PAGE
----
This past summer, my husband and I made a pact. Now, the last pact we made was as two young and in-love, freshly married individuals who vowed to never put their careers ahead of family. We stuck to that pact and now, 12 years later, we have three amazing children and full-time careers. Life is, of course, busy, and time feels fleeting more often than not. However, this new pact we made was one out of necessity, for our kids and for ourselves.
Our pact was to take the summer and travel back to our roots. The past couple of years have been a roller-coaster ride for many of us, and distance from some family was one of our biggest pain points. I’m lucky enough to have my brothers live in the same city as we do, but my husband hadn’t seen his parents and most of his siblings in three years due to the pandemic.
Also, earlier this year, my mom unexpectedly passed. That tragedy instantly sobered me to the realization of how truly important family is and how unimportant other things are. We saw each one of our kids feel a lack of community during the pandemic and then watched them process the death of their grandmother, to whom they were extremely close. While no one could ever fill that void, we knew we all needed something. We were all craving something. So we made the decision to dedicate summer 2022 to finding our foundation again.
Family is the foundation you stand on
My mom always told me: Your family is the foundation you stand on, and never forget where you come from. Our goal was to make sure our kids knew where we came from. The tradition in years past, pre-pandemic, was to travel to my husband’s hometown every Thanksgiving. My mom was based in California with us, so we never had much of a reason in past years to travel to my hometown. This past summer, it was time to change that and get back to our roots. We each packed one carry-on suitcase and flew to Birmingham, Ala., where my husband was born.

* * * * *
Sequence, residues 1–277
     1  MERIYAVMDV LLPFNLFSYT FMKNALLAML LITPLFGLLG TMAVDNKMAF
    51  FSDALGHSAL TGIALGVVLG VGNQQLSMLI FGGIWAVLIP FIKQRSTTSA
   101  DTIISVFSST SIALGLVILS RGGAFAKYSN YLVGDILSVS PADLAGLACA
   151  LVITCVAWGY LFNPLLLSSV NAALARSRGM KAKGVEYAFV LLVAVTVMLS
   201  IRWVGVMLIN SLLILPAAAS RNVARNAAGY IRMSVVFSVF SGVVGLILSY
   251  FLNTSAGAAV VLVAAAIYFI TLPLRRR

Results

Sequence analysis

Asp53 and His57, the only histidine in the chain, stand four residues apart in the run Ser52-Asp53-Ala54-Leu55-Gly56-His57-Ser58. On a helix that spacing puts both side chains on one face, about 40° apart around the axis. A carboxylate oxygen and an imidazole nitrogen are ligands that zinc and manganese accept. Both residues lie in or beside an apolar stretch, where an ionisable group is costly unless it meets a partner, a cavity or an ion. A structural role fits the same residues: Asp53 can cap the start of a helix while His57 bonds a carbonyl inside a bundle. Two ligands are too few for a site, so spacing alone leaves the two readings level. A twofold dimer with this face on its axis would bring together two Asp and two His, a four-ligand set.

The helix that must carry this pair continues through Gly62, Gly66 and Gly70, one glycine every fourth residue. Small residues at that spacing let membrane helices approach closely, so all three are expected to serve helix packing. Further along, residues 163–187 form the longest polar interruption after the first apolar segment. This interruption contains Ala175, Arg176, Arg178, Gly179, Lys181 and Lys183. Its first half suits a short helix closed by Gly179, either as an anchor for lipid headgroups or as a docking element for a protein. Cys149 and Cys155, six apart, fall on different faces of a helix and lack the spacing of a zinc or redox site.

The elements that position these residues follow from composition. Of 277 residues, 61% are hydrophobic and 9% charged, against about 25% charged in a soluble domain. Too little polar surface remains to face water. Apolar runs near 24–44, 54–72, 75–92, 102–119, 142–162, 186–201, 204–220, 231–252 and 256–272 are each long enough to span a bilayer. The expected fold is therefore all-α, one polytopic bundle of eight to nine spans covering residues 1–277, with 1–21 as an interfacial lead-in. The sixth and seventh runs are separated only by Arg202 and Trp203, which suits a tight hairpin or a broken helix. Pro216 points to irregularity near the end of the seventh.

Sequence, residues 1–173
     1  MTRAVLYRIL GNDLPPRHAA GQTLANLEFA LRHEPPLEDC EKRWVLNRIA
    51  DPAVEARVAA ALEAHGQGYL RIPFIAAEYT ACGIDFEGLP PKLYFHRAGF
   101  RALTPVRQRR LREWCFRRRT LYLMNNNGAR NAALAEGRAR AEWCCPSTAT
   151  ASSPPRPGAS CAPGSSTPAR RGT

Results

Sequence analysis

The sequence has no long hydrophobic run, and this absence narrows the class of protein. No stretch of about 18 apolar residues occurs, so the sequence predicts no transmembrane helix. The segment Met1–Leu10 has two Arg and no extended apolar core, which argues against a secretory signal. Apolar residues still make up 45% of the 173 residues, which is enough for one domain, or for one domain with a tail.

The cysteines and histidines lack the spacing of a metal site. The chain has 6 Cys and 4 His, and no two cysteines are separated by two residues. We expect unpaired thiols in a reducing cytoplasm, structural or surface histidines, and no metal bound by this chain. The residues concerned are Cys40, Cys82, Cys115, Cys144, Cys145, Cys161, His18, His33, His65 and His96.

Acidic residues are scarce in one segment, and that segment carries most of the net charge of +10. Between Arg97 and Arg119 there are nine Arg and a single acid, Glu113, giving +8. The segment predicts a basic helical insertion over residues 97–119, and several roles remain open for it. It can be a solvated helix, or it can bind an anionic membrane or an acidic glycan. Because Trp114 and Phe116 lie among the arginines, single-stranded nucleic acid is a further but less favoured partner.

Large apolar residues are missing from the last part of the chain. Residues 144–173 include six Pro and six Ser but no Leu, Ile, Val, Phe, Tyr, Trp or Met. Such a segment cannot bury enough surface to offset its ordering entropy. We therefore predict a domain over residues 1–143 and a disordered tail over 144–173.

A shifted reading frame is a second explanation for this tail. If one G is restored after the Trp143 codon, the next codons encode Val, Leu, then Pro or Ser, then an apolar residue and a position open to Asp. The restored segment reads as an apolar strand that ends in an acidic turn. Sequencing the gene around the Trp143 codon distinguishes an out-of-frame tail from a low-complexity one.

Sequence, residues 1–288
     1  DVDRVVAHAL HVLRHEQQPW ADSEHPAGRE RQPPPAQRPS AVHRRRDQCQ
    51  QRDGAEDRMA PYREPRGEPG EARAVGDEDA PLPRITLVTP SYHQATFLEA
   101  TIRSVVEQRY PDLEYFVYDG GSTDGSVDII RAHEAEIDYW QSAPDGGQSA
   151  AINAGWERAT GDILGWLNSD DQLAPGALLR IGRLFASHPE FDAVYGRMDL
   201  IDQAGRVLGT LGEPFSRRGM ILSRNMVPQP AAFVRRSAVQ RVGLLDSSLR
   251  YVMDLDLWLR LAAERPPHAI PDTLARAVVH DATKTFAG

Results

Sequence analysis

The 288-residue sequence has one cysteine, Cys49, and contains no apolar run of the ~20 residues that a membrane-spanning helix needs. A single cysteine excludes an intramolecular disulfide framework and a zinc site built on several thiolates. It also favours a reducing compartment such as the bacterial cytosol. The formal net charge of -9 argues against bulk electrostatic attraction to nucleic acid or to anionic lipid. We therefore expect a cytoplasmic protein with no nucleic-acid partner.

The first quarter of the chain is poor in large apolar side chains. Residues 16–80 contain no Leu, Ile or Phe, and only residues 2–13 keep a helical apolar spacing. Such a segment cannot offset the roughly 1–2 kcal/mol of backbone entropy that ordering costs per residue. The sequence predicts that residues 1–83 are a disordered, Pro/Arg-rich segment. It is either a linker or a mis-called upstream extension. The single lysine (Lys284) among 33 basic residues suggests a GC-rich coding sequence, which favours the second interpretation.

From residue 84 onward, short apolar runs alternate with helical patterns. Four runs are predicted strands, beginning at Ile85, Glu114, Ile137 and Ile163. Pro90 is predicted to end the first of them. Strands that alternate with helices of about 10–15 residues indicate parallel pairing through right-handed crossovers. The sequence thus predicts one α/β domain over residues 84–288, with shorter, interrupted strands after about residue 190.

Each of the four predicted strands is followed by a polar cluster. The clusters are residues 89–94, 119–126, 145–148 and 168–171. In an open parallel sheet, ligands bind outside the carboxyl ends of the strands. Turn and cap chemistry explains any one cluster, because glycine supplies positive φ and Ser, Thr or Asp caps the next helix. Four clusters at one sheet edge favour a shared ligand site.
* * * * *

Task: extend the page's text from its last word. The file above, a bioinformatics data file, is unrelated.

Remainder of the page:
In Alabama, the kids hugged my husband’s parents for what seemed like hours. They played, talked and sang with all of their cousins for a week straight. We explored recipes together, ate so many home-cooked meals and simply enjoyed each other’s company. The foundation was mending right before my eyes. This is what my kids needed.
From Birmingham, we road-tripped to Nashville. My husband has family there and a lot of close friends. He finished college in Nashville and loves showing the kids all of his old stomping grounds. They had not been in so long, so to him it felt as if he was sharing the stories and places for the first time again. The smile on his face when he saw that his brother had prepared a fish fry upon our arrival and again when he saw how tall his nephews had grown was as if light had poured into his soul. This is what my husband needed.
Where I call home
After Nashville, we hopped on another plane and flew to Detroit. This is the place I call home. I was born and raised right outside of the city line. I had not been to Detroit for a proper stay in several years. I remember bringing my oldest there when she was 3 years old, but our two other kids had never been. It was uncomfortable being back in the city since my mom had passed. The little family I had in Michigan consisted primarily of my 18-year-old nephew, who regardless of his coolness and new young-man status, still hung out with us and playfully engaged with his younger cousins.
However, this was my time to show my children where my foundation was made. Upon my husband’s nudging, we took them to every school I’d ever attended, every house and apartment I’d ever lived in, and we saw the people who had made an impact on my life — the ones who I can honestly say helped to shape who I am today, from my childhood best friend to my mentor in high school. My kids asked questions. They looked with curiosity. They hugged me and held my hand when they could sense it was hard. Tears flowed endlessly, and my heart felt full and warm. This is what I needed.
Through our experiences this past summer, I was reminded of how deeply your immediate family and your chosen family can impact your lives and, therefore, your kids’ as well. We each received exactly what we needed from this trip. The lesson learned: In a world of such uncertainty, remember that your roots help to tell your story. Involving your kids is another way to build on that foundation.
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